Staying Sharp While Rotating

To truly buy into the team concept, each individual player has to put aside personal glory for the overall good of the unit. Doing so often involves being supportive of teammates while watching them from the sidelines. See how liberal rotation has affected a few Buckeyes this season, and how they cope with it.

Through the first three games of the season, it seemed to be the best compromise available.

As the Buckeyes worked to establish a team identity, the coaching staff frequently talked about the necessity of rotating players in and out of the game for a variety of reasons. Doing so early would help keep all the players fresh later in the season. It also provided some of the younger members of the team a chance to get their collective feet wet in early, non-conference contests.

One position that has seen liberal substitution is the linebacker corps. While junior James Laurinaitis and senior Larry Grant appear to have locked up two of the three starting spots in the base defense, the third spot has remained in a more constant state of flux.

That is, until sophomore Ross Homan suffered an undisclosed lower leg injury that has kept him from lining up at linebacker for either of the last two games. With Homan sidelined, junior Marcus Freeman – who has started all five games this season at the weakside linebacker spot – took full advantage of the opportunity.

In weeks four and five combined, Freeman recorded 14 tackles, 11 of which came on the road against Minnesota. For his efforts against the Golden Gophers, Freeman was named the team's defensive player of the week.

"He continues to get better and better the more he gets to play," head coach Jim Tressel said of Freeman.

Later, the 6-2, 236-pound Freeman said that while he was glad to be getting more playing time in Homan's absence, he was obviously not happy his teammate was battling through an injury.

"I think just being out on the field, it just gives you more opportunities to make more plays, and that's a big thing: just being out there and having more chances to make big plays," he said. "That's something that has happened these past couple of weeks."

Freeman said that each week his grades on the field have been improving. It is no coincidence that as they have, his on-field production has picked up. Freeman's 11 tackles against Minnesota falls just short of doubling his previous season-high: six tackles recorded in week two against Akron. It also marks the second-highest one-game total in his OSU career.

Whether Freeman can maintain the same productivity when Homan returns the lineup remains to be seen – especially if the two split reps as closely as they had been early during the season.

"I think being out there every series, you do get into a rhythm," Freeman said. "You keep going and when it's every other series, I think you get in a rhythm, you maybe stop a little bit. If it helps the team, it's something that you need to do. You can't really worry about how personally you feel, but as a team how it's helping."

As the Buckeyes were preparing for the Zips in week two, linebackers coach Luke Fickell said the two would need to continue to rotate to benefit the team.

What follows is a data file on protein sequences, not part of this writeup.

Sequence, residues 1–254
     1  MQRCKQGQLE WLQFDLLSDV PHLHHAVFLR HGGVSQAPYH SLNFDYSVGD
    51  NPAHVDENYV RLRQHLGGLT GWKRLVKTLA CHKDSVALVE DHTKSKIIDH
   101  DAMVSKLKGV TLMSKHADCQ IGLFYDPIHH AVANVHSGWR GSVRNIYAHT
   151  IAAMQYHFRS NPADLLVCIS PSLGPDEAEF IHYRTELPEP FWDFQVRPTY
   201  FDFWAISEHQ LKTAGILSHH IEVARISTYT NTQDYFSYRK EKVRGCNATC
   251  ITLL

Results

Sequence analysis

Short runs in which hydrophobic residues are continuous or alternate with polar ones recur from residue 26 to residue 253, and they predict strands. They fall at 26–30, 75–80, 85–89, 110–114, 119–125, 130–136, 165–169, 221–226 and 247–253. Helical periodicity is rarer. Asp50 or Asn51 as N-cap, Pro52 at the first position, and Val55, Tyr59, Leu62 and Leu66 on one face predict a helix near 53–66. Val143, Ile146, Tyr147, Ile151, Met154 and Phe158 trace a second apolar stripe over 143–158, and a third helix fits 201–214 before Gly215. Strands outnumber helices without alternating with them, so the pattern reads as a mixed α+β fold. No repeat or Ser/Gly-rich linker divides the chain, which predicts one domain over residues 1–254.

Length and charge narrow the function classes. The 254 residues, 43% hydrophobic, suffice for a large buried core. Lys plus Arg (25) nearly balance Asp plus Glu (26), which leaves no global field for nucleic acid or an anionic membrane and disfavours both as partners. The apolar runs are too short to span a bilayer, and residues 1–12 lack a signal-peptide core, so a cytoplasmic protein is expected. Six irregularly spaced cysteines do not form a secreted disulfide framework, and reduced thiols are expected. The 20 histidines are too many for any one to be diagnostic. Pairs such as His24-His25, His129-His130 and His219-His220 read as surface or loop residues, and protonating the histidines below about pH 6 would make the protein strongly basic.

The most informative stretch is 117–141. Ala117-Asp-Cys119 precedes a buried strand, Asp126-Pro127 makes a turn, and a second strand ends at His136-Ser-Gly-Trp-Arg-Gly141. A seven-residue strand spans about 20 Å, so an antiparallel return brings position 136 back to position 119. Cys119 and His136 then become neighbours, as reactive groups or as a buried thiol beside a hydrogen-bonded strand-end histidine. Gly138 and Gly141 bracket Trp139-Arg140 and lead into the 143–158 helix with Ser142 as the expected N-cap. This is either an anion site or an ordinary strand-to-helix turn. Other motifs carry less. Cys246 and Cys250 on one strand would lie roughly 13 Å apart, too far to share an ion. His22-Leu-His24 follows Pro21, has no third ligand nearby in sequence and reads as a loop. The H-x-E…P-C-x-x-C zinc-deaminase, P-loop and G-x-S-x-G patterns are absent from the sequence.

"You hate to take a guy out, but maybe every other series, maybe every other third," Fickell said. "I don't know. It just depends as guys mature and get a better grasp of the game and for the scheme. Right now they both need to play."

The desire to get multiple players playing time at the same position is hardly unique to the linebacker spot, however. At tight end, junior Rory Nicol and sophomore Jake Ballard are both listed as starters.

Nicol has seven catches for 38 yards, while Ballard has three for 41. To help them feel more comfortable on the field, the Buckeyes have altered the rotation between the two as the season has progressed.

Where the two would rotate in on a play-by-play basis early on, Nicol said they now are rotating on a series-by-series basis.

"If I'm in with the ‘Y,' he'll come in when we go to the silver packages and vice-versa when we go the next series," he said. "It is weird to go maybe be in a game for two plays and then you're out. I think it's helped us both."

Rotating in and out of the game is something that often requires a player to put aside his own pride for the good of the team. Sophomore defensive end Doug Worthington said the coaching staff preaches that mentality from the team.

"Some guys need to be out there because that's what they do, that's their thing, but I feel that if somebody's playing better than me or I need a blow or something, then I need to come off the field," he said. "But every great player wants to be on the field at all times, but sometimes you need that break, you need that rest to play at an Ohio State, silver bullets tempo."

To keep ready at all times, Worthington said he stands on the sideline with his helmet in his hand, at the ready. While the notes he takes mentally while watching are beneficial, he said there is a difference between learning and actually performing when the whistle blows.

In fact, the communications major likened it to being in the classroom.

"It's just like math," he said. "You can see a problem the math teacher does on the board, then when you do it yourself it gives you that better help when you're doing it yourself but you need to see it first to be able to do it. It goes hand in hand."

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